Can a bad power supply hose all your RAM?

SOLVED
Bit Baby

Can a bad power supply hose all your RAM?

Hi,

 

My desktop was running a power supply that was about, oh, 8 years old. I shut it down for a while whilst I was moving and a few months later it doesn't boot up. Sometimes posts, sometimes just beeps. It was showing issues that I thought were consistent with a bad power supply so I had that replaced and now it consistently boots but can't get through loading Win XP.
In goes the MemTest86 CD and all at least 3 sticks of ram are hosed (still running memtest on one). Some more than others. One even post, it just beeps at me. One claims the BIOS is corrupted. One posts and can begin the boot sequence or boot into MemTest86 but reports about 1000 errors (out of 1GB). Either way, this computer needs new RAM.
I'm just curious, do you think that a failing power supply could have hosed the RAM?

 

Please help.

 

I didn't find the right solution from the Internet.

 

References:-
https://arstechnica.com/civis/viewtopic.php?f=8&t=1187802
Logistics Solution Example

Thanks!

2 Replies
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Crucial Employee

Re: Can a bad power supply hose all your RAM?

Hello,

 

Thank you for contacting us today. A faulty power supply can certainly cause issues with any part of PC, if it is causing sudden power loses. I would also replace the CMOS battery, as that might be getting old as well. If you would like to proceed with an RMA you can either click the link below or contact us directly with the information in my signature.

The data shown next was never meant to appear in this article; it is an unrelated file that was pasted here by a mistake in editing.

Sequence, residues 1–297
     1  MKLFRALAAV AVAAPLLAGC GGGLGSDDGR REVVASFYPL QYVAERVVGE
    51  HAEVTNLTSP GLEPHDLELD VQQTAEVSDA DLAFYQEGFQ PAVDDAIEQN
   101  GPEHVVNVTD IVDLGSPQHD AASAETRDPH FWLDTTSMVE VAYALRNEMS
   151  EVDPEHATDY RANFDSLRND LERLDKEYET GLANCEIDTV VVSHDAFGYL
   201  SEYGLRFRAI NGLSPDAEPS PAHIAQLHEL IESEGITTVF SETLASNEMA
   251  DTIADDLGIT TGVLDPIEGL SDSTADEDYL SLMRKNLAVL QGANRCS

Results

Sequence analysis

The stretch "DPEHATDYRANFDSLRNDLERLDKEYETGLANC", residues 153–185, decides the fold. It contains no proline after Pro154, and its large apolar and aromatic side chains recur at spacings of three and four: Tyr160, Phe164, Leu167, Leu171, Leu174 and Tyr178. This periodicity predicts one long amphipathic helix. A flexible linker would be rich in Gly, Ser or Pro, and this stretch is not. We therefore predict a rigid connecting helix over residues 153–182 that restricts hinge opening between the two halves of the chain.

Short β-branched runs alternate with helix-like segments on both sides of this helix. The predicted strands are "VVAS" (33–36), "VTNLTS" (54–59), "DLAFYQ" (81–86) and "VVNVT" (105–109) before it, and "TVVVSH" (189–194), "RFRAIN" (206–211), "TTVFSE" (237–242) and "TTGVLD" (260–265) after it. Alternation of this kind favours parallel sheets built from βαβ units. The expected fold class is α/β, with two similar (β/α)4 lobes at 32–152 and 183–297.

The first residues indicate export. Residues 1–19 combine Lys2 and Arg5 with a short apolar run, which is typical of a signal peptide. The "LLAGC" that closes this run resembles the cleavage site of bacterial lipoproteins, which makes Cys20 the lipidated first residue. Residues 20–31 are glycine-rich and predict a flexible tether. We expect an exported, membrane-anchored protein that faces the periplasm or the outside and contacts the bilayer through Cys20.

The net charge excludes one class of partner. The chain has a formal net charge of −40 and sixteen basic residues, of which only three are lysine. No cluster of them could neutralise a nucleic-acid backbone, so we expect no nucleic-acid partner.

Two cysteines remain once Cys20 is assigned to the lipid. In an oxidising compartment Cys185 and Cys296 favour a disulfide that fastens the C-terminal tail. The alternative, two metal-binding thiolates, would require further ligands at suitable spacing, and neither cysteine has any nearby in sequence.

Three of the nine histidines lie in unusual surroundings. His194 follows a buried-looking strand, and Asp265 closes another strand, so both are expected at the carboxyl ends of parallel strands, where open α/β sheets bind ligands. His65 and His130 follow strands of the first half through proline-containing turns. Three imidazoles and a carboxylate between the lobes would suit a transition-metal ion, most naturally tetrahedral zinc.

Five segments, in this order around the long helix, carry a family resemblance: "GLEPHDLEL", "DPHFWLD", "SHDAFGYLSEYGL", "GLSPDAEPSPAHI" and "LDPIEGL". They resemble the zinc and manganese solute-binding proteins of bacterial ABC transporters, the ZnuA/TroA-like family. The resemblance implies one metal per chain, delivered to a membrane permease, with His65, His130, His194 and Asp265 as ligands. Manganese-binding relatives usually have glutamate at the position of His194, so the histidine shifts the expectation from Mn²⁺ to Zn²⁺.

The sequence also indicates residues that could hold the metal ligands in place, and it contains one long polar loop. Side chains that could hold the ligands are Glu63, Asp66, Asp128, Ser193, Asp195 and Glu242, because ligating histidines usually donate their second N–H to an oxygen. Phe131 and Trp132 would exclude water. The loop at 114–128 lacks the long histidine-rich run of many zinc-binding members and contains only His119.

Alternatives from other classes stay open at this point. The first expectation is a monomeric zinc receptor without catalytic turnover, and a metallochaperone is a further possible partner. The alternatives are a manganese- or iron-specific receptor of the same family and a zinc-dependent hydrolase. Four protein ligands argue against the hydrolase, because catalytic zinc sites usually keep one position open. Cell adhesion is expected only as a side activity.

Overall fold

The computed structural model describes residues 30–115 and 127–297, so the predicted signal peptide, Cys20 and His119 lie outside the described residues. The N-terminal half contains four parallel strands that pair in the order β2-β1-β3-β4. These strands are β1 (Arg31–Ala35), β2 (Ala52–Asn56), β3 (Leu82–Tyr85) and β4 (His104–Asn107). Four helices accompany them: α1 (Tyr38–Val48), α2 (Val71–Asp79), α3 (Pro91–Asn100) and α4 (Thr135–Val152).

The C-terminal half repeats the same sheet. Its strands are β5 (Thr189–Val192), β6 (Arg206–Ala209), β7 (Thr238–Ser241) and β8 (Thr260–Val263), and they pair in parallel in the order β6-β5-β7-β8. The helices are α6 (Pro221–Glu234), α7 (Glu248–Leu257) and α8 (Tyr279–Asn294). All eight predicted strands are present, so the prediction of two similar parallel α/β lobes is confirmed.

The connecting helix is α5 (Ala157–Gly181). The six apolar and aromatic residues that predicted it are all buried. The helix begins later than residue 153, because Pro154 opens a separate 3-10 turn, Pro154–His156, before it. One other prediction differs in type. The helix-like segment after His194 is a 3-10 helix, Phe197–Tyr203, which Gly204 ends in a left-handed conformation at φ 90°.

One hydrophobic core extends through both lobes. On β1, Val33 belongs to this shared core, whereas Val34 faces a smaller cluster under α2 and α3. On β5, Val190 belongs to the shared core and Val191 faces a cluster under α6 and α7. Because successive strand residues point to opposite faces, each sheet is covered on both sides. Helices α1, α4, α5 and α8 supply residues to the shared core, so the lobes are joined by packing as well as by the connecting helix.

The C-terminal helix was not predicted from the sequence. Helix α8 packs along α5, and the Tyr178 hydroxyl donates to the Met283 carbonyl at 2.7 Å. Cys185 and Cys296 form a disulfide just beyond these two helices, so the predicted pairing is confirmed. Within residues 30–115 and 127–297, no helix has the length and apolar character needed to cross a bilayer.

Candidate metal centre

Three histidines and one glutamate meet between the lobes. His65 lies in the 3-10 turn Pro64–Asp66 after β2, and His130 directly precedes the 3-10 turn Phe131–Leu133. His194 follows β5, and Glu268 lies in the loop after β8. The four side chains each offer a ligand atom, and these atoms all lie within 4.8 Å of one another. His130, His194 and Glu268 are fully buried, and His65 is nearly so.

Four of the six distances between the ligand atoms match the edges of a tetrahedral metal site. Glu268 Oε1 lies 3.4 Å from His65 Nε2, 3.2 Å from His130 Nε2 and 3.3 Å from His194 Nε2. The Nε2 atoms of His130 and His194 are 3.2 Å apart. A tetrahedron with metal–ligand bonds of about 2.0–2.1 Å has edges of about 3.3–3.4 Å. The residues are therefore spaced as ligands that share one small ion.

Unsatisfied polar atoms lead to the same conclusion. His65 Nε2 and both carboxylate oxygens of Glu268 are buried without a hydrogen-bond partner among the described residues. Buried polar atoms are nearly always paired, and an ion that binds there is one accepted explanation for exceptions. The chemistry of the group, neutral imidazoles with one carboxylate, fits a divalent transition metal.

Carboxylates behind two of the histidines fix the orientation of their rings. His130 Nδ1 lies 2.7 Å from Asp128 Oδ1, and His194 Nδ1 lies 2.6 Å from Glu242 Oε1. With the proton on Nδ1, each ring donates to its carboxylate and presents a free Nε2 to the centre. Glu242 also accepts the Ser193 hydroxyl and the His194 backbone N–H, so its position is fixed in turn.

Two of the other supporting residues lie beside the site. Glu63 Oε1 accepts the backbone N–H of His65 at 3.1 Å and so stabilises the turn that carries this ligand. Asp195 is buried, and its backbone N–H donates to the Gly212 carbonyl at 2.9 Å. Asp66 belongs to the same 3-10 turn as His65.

Warranty Replacement

http://www.crucial.com/usa/en/returns





Crucial_AgentC, Micron CPG Support, US


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JEDEC Jedi

Re: Can a bad power supply hose all your RAM?

Are you using the same single slot to test all of the memory with one module seeming to pass?  Perhaps the memory is good, but some of the slots are damaged.

 

 

If the memory is indeed damaged, chances are the motherboard has also suffered damage as well as the CPU.  In fact all of the components in the PC could have issues depending on how they were able to handle the power problem.   Some could be more resilient than others.    Similar to  Crucial_AgentC's  suggestion, I would remove the CMOS battery for a few minutes to clear the settings (sometimes you may also need to use jumpers), then after replacing the battery power on the system, enter the BIOS/UEFI settings and set everything to system defaults and reboot to make sure they are enabled.   Its possible some of these settings may have become changed or corrupted by the old power supply.

 

Since it appears your power supply caused some damage to your system you will want to be careful.   You may be tempted to test your RAM and other components in another PC, but be very careful as those components could transfer damage to the other working system.   I've personally experience this myself.

 

 

If you are able to sort this all out, I would suggest running a system stress test such as Prime95 (use the Torture Test mode/option).   This will stress pretty much every major aspect of your system.

 

Good luck.